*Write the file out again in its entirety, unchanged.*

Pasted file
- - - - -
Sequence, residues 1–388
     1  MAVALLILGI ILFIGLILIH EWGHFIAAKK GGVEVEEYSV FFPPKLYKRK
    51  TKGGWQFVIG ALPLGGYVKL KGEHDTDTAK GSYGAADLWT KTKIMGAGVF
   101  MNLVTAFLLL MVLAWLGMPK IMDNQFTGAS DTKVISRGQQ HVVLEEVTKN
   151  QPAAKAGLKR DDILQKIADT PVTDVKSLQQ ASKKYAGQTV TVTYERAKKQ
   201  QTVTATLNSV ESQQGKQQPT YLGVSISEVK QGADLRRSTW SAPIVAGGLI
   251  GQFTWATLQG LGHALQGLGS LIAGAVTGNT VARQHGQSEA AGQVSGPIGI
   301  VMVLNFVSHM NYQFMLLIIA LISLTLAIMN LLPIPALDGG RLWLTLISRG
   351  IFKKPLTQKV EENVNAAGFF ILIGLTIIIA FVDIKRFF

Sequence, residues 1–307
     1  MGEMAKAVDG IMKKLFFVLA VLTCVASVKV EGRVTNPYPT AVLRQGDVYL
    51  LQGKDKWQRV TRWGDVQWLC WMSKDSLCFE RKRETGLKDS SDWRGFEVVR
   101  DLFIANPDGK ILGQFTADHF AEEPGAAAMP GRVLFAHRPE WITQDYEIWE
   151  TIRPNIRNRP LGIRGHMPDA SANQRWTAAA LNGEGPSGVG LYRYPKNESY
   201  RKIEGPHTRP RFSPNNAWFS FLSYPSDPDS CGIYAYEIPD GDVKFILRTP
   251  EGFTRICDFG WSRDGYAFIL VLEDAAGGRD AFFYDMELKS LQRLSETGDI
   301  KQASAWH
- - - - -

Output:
Sequence, residues 1–388
     1  MAVALLILGI ILFIGLILIH EWGHFIAAKK GGVEVEEYSV FFPPKLYKRK
    51  TKGGWQFVIG ALPLGGYVKL KGEHDTDTAK GSYGAADLWT KTKIMGAGVF
   101  MNLVTAFLLL MVLAWLGMPK IMDNQFTGAS DTKVISRGQQ HVVLEEVTKN
   151  QPAAKAGLKR DDILQKIADT PVTDVKSLQQ ASKKYAGQTV TVTYERAKKQ
   201  QTVTATLNSV ESQQGKQQPT YLGVSISEVK QGADLRRSTW SAPIVAGGLI
   251  GQFTWATLQG LGHALQGLGS LIAGAVTGNT VARQHGQSEA AGQVSGPIGI
   301  VMVLNFVSHM NYQFMLLIIA LISLTLAIMN LLPIPALDGG RLWLTLISRG
   351  IFKKPLTQKV EENVNAAGFF ILIGLTIIIA FVDIKRFF

Sequence, residues 1–307
     1  MGEMAKAVDG IMKKLFFVLA VLTCVASVKV EGRVTNPYPT AVLRQGDVYL
    51  LQGKDKWQRV TRWGDVQWLC WMSKDSLCFE RKRETGLKDS SDWRGFEVVR
   101  DLFIANPDGK ILGQFTADHF AEEPGAAAMP GRVLFAHRPE WITQDYEIWE
   151  TIRPNIRNRP LGIRGHMPDA SANQRWTAAA LNGEGPSGVG LYRYPKNESY
   201  RKIEGPHTRP RFSPNNAWFS FLSYPSDPDS CGIYAYEIPD GDVKFILRTP
   251  EGFTRICDFG WSRDGYAFIL VLEDAAGGRD AFFYDMELKS LQRLSETGDI
   301  KQASAWH